Nation & World

Boeing's problems jeopardize billions in orders

Some $600 billion at stake worldwide

Reuters

An American Airlines arrivals board displaying American Airlines flight 2669, which was scheduled to be flown by a Boeing 737 Max 8, arriving from Miami to New York City at LaGuardia Airport, is seen as canceled.
Reuters An American Airlines arrivals board displaying American Airlines flight 2669, which was scheduled to be flown by a Boeing 737 Max 8, arriving from Miami to New York City at LaGuardia Airport, is seen as canceled.
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Boeing’s $600 billion-plus order book for its 737 MAX began shaking after several big customers threatened to reconsider their purchases in the wake of the Ethiopian Airlines crash on Sunday, the second deadly accident involving the plane since October.

VietJet Aviation, which doubled its order to about $25 billion only last month, said it will decide on its plans once the cause of the tragedy has been found.

Kenya Airways is reviewing proposals to buy the MAX and could switch to Airbus’ rival A320. Russia’s Utair Aviation PJSC is seeking guarantees before taking delivery of the first of 30 planes.

That’s as Indonesia’s Lion Air firms up moves to drop a $22 billion order for the 737 in favor of the Airbus jet, according to a person with knowledge of the plan.

Separately, Garuda Indonesia plans to cut orders of the Boeing plane, and a $5.9 billion order from a unit of Saudi Arabian Airlines hangs in the balance.

The 737, which first entered service in the late 1960s, is the aviation industry’s best-selling model and Boeing’s top earner.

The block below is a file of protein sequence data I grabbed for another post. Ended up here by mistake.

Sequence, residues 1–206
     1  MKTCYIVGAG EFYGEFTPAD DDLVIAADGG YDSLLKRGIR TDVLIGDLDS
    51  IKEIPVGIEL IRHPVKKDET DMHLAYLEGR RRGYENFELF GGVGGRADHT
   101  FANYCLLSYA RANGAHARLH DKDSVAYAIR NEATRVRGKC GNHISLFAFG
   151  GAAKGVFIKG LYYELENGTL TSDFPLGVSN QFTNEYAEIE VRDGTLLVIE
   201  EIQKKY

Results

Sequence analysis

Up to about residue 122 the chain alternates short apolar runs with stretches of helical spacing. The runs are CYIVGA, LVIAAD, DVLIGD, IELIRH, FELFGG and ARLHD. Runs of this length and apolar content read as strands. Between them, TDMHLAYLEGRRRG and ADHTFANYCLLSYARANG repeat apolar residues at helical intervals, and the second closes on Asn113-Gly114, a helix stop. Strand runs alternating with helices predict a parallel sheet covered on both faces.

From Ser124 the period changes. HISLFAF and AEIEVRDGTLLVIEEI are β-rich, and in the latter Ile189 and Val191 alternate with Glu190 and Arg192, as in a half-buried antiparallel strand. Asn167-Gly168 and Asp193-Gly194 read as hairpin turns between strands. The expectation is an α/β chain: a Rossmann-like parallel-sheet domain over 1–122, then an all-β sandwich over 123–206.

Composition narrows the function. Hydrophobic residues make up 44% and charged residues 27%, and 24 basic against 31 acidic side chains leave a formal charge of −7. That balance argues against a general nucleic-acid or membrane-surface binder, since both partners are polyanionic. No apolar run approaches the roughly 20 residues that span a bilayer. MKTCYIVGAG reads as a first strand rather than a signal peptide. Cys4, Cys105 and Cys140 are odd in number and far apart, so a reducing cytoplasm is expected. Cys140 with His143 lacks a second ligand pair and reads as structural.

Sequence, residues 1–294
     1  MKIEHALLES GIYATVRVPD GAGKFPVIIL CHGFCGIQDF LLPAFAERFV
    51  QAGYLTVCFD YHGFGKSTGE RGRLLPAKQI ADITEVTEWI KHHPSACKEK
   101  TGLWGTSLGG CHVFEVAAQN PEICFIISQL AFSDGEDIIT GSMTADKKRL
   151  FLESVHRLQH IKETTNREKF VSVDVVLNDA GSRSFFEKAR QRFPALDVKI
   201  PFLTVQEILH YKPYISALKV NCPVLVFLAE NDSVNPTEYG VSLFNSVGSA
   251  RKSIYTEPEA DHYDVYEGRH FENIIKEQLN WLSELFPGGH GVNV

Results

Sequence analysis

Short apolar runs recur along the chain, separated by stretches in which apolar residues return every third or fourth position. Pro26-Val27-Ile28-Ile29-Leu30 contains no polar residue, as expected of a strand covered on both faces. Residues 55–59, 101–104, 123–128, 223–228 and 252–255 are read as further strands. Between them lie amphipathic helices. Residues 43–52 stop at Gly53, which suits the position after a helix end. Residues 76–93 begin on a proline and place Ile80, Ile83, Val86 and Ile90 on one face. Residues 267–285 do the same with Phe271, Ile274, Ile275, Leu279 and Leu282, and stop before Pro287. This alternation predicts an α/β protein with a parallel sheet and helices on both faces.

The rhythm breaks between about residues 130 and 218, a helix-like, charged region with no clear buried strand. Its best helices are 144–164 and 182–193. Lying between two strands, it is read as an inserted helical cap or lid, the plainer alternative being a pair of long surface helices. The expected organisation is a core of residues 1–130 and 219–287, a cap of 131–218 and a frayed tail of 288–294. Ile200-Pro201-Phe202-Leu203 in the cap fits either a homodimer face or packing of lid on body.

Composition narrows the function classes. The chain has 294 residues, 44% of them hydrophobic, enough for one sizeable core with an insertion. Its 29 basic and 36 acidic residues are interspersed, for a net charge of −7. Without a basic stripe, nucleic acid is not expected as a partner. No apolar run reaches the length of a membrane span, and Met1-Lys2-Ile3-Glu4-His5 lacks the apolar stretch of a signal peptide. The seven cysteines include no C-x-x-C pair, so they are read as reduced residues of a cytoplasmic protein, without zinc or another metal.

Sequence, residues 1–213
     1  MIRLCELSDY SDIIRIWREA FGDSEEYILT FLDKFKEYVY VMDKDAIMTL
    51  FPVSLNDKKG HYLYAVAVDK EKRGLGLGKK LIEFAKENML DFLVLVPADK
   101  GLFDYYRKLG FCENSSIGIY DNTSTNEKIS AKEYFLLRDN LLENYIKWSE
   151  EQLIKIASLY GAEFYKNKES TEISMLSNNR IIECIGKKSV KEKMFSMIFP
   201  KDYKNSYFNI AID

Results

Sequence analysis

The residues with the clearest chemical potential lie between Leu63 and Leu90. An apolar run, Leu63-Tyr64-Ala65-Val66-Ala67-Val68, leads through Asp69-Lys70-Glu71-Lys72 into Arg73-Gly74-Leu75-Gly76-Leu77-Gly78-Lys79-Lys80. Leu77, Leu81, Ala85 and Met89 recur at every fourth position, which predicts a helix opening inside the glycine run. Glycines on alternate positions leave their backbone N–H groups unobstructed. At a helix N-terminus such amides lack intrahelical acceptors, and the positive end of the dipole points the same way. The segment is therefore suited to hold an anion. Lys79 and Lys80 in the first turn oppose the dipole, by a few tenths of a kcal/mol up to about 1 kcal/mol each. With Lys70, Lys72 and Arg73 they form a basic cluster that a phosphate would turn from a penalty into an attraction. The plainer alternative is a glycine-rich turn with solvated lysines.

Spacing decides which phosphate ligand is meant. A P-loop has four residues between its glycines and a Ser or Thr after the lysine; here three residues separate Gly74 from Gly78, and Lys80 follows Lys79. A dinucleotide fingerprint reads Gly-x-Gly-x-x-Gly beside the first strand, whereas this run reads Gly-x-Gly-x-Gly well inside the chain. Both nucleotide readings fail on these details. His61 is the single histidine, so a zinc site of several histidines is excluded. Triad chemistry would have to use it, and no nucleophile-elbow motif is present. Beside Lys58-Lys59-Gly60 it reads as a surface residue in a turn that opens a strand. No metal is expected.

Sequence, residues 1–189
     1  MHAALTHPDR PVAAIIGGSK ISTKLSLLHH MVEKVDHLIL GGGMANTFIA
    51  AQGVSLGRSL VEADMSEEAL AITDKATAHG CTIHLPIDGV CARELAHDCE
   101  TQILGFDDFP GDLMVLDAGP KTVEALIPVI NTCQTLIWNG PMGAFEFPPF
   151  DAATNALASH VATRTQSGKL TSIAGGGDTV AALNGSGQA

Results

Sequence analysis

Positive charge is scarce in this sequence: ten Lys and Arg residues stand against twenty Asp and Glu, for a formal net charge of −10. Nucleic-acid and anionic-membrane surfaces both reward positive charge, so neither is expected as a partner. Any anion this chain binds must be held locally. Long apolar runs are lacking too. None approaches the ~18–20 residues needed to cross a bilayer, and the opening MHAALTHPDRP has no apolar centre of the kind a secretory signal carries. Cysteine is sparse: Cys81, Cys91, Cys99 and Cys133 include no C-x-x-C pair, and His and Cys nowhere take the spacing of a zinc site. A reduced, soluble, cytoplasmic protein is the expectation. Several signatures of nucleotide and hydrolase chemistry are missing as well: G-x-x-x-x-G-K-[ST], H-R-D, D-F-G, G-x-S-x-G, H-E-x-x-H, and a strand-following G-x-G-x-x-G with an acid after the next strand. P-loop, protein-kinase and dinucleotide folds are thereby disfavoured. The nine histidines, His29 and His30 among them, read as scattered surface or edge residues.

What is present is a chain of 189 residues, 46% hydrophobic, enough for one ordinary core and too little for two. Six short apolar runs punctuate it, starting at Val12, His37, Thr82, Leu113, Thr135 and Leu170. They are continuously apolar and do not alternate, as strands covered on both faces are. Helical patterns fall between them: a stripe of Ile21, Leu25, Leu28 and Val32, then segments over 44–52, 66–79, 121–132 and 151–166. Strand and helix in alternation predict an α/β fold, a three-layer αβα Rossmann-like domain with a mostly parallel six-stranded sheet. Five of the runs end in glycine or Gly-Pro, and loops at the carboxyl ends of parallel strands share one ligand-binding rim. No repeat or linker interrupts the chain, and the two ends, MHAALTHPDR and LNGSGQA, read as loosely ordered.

The re-engineered MAX version has racked up more than 5,000 orders worth in excess of $600 billion, including planes that have already been delivered.

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Boeing faces escalating financial risk after two disasters involving its newest narrow-body jet in the past five months.

Boeing’s stock since the Ethiopian Airlines crash on Sunday has lost more than 10 percent of its value, CNN reported on its website Wednesday. That would cut more than $25 billion from the company’s market value.

The deadly crash in Ethiopia comes just about five months after the Oct. 29 crash of another Boeing 737 MAX plane, operated by Indonesia’s Lion Air.

The relationship between the carrier and Boeing soured after the manufacturer pointed to maintenance issues and human error at Lion as the underlying cause, even though the planes pilots had been battling a computerized system that took control following a sensor malfunction.

Sunday’s loss of an Ethiopian Airlines 737, in which 157 people died, bore similarities to the Asian tragedy, stoking concern that a feature meant to make the upgraded MAX safer than earlier planes has actually made it harder to fly.

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